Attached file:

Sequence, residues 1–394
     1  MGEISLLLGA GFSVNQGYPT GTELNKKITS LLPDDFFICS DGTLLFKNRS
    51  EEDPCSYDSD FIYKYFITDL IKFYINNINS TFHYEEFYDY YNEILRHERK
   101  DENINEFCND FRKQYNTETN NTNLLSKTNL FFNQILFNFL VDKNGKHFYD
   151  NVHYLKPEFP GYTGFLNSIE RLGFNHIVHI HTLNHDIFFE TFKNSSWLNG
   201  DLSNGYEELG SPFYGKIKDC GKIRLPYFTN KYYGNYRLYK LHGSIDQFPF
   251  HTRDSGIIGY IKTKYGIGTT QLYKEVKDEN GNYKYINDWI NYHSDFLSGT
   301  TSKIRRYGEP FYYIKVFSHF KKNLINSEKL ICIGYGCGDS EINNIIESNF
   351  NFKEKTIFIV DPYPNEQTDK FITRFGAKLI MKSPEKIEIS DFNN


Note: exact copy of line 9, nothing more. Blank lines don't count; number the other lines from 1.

   351  NFKEKTIFIV DPYPNEQTDK FITRFGAKLI MKSPEKIEIS DFNN